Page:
Native Studies partners with social work to bring new pilot program combining both


April Lindala director, Center for Native American Studies

Trevor Drew

Federal government studies suggest American Indian women are more than 2.5 times more likely to be raped or sexually assaulted than women of other races or ethnicities. While women as a whole have a 1-in-5 risk of sexual assault in their lifetimes, the risk to Native women is 1-in-3 or 34 percent of their population.

Statistics like these are what fueled a collaborative project between the Center for Native American Studies (CNAS) and the Social Work Department (SWD) to merge and create a new program that will give students an opportunity to take social work and native american studies programs simultaneously.

Social Work Department Head Abigail Wyche and CNAS Director April Lindala presented on the proposed academic program changes, titled “Serving Native Survivors Circle” on Friday Oct. 27 in Whitman Hall. The changes will provide financial support that would allow social work students who are interested in specializing in tribal communities to participate in internships in rural, native communities around the area.

A lack of social work professionals with tribal expertise, unstable employee recruitment and retention in remote tribal areas were factors Lindala cited for the push to create a program like this at NMU.

“Ultimately we feel it’s going to help heal our communities and also give a sense of empowerment to those who might be interested in working for their own communities,” Lindala said.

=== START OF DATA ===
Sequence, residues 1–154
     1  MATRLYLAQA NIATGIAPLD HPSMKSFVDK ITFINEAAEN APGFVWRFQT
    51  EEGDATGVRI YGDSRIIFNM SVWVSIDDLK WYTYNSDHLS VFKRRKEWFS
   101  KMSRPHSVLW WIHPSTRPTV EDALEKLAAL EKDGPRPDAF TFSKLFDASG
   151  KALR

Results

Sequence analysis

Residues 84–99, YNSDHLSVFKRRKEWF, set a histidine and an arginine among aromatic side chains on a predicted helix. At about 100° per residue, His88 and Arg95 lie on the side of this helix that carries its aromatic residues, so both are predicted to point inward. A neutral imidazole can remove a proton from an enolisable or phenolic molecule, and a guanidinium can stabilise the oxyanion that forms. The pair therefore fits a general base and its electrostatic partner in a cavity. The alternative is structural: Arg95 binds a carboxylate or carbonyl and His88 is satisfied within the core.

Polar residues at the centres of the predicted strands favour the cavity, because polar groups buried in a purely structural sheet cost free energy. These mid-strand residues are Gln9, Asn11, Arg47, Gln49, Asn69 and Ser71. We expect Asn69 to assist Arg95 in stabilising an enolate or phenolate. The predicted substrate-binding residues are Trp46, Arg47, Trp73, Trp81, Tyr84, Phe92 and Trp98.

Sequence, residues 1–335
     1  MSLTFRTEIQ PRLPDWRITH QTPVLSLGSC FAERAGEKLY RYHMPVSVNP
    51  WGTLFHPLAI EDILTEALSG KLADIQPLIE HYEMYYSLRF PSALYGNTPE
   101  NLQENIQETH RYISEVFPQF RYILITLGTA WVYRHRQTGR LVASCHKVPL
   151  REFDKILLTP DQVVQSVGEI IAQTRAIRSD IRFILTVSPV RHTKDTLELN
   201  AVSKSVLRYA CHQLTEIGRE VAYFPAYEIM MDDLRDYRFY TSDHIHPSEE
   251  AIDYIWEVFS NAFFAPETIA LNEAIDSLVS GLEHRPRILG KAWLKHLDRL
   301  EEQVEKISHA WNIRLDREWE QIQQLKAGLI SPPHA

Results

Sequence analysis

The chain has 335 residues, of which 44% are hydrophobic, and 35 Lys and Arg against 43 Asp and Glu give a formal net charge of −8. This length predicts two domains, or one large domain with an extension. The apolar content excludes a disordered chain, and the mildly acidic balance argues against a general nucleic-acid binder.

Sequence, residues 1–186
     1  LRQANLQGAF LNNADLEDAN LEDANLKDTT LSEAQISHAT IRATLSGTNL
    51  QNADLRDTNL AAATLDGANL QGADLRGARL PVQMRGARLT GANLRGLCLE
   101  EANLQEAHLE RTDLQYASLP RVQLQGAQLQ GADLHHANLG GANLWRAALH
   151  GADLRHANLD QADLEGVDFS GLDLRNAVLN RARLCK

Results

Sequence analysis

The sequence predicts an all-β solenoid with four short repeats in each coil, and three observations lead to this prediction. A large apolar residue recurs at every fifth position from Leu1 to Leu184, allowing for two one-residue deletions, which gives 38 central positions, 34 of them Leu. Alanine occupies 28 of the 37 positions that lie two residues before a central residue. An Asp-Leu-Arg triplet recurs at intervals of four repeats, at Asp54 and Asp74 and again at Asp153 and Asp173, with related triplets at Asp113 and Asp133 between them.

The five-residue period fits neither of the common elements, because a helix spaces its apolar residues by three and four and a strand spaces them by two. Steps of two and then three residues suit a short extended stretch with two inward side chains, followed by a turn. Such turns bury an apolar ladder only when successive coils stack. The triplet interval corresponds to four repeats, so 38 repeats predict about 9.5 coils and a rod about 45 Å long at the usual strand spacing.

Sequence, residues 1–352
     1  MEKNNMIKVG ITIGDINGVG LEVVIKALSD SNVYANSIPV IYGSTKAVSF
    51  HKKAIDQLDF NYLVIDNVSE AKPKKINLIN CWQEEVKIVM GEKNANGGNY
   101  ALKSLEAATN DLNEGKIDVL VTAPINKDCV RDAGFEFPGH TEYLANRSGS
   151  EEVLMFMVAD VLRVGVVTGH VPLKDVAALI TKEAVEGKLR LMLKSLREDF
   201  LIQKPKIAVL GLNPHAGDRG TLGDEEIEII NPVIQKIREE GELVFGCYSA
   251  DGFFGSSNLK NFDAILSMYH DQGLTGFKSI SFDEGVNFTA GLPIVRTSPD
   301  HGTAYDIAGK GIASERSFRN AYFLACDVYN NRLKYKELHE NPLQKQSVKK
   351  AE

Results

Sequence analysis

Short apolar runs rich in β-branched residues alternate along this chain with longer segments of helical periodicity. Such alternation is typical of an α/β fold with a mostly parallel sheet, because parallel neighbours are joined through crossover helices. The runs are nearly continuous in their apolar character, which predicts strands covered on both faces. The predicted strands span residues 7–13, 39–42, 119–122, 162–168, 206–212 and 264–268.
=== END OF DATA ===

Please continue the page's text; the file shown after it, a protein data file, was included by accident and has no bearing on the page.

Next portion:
“We want to recruit more American Indian students for these programs so they can work at their home communities but we also want to recruit, and bring attention to the non-native

Students participating would intern at either a tribally or a Bureau of Indian Affairs run victims services agency and would primarily be working with women who are victims of interpersonal violence, Wyche said.

“We want  to prepare these students so they will be effective professionals in these communities after they graduate and stick around and continue to be effective professionals over a long period of time,” Wyche said.

Funding for the project was provided by a grant from the Department of Justice, Office for Victims of Crimes added with support from The Keweenaw Bay Tribal Council that unanimously voted to pass a resolution supporting the work of Wyche and Lindala. NMU’s CNAS was one of three programs nationwide to receive the grant.

The next step in the project, Lindala said, is reaching out, and making agreements with other tribal communities spanning from Michigan’s lower peninsula, Northern Wisconsin and Northern Minnesota.